My initial plan was to go back to Georgetown University to read Public Policy. I was working towards that when we were working towards the election to ensure the victory of the party and the president. Unfortunately, we lost the election. Unfortunately, the president did not win. I had to now accelerate my decision on what to do. I was making the preparations to go to Georgetown University but my colleagues; my senior advisers I was working with had a different opinion that why should I go and study public policy when we had done quite a lot in the areas of international criminal law, as a member of the assembly of state party at the International Criminal Court. Africa was at the time a focal point considering the trial of Uhuru Kenyatta and his deputy, William Ruto, and the issue of Omar el-Bashir. These were burning issues and Africa was seen as being persecuted by the International Criminal Court at that time.

So it was at that point that I changed my mind about going to Washington. I had to hurriedly look for admission and when I searched for the best university that had the best programme on international criminal law, I was referred to the University of Leiden. Particularly, there was a professor of international criminal law who I have heard so much about — Professor Carsten Stahn who I have had the opportunity of meeting. After a discussion with him, I was offered admission for advanced study of Public International Law with specialisation in international criminal law. So immediately after we handed over I left the country for my studies.

PT: If your party had won the election you probably wouldn’t have gone to the school…

Adoke: Not necessarily so, except if the president had insisted that he want me to stay. My intention was that having served the country for over five years as Attorney General, I thought that I had done the best I could for my country and I thought it was time for someone else to come and take over. So, I was not particularly looking forward to reappointment. Don’t forget that I was appointed twice as Attorney General. I was there between 2010 and 2011. I was reappointed in 2011, till 2015. I also had the singular opportunity of being the longest-serving Attorney General in a civilian administration. To me, it was really a time for someone else to come in. I really wanted to leave in pursuit of knowledge and at the same time I have lined up other things that I wanted to do. My ultimate ambition was that if I came back from school I would try and find a university to lecture and share my experience with the upcoming generation.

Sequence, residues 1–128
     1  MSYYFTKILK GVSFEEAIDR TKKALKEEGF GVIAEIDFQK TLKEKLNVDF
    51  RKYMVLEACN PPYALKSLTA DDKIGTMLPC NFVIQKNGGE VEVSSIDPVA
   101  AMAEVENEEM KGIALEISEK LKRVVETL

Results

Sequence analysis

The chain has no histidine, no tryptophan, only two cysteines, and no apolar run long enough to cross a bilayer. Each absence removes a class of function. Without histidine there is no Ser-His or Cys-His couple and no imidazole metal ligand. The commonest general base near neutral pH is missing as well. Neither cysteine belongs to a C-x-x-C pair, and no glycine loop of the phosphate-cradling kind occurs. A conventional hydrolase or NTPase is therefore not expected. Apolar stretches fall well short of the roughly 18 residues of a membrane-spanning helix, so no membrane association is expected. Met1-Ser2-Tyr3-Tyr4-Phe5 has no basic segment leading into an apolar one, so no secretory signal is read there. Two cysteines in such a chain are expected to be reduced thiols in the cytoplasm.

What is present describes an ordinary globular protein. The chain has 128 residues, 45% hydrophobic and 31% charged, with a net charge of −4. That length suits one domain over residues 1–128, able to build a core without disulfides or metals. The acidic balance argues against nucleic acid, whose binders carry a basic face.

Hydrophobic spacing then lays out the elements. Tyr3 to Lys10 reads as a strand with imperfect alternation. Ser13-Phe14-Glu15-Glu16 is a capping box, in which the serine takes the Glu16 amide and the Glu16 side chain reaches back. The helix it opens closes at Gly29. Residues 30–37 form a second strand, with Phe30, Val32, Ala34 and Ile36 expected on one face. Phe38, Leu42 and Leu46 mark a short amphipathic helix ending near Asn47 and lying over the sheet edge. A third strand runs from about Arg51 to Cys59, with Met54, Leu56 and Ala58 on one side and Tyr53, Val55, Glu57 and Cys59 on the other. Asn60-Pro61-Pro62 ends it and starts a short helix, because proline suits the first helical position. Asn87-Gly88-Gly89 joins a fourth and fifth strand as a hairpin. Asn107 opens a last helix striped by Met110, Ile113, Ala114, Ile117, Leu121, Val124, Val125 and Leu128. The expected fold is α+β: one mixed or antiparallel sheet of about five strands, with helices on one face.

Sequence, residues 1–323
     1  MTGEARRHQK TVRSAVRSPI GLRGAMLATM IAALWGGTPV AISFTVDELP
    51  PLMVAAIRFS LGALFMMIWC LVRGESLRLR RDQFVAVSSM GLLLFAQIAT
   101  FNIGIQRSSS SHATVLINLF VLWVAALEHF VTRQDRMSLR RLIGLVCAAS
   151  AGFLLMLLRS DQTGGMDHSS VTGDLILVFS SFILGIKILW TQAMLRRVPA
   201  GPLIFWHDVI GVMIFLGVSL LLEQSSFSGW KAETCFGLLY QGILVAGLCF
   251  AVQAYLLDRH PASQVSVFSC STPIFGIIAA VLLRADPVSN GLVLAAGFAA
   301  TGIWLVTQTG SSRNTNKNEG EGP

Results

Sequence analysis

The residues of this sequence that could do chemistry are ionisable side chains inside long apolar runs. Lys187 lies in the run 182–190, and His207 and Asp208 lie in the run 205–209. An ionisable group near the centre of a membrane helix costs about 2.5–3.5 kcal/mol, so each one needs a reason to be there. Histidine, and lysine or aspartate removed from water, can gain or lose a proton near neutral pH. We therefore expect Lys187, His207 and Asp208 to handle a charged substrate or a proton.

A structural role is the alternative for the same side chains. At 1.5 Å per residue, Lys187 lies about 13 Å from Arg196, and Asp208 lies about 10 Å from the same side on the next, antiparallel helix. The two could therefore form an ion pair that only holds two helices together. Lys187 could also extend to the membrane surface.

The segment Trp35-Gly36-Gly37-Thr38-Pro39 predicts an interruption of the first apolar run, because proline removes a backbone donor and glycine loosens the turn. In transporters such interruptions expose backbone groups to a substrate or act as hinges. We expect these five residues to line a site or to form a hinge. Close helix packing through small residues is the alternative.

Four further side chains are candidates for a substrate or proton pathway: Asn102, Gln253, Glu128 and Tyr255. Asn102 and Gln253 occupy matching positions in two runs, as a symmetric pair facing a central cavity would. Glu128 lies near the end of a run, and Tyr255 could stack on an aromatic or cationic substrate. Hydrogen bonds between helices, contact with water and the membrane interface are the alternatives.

PT: But you graduated long ago, why are you still not back home?

Adoke: Yes, I graduated in August 2016. At that point, my initial intention was to go back to Nigeria. But like you know, I have some problems with the Nigerian government. There have been a lot of accusations rightly or wrongly against my person. I worked on some very credible intelligence at that time from people from within and outside the government. I was advised not to come back at that time.

So, I had the option to go on for my PhD; I had even submitted my proposal for the PhD. At the same time, allegations were being made against me, which I needed to clear. In the end, I opted for writing about my experience. I thank people like my very senior colleague, Mr Awomolo, SAN who right from the time I was in office had always told me that I needed to document my experience in office; I needed to put down my story before other people would write my story. I am pleased to inform you that I have just finished my work and I have signed off the manuscript for my publishers. I look forward to releasing the book, latest in July.

PT: That you were thoroughly abused by the president’s wife…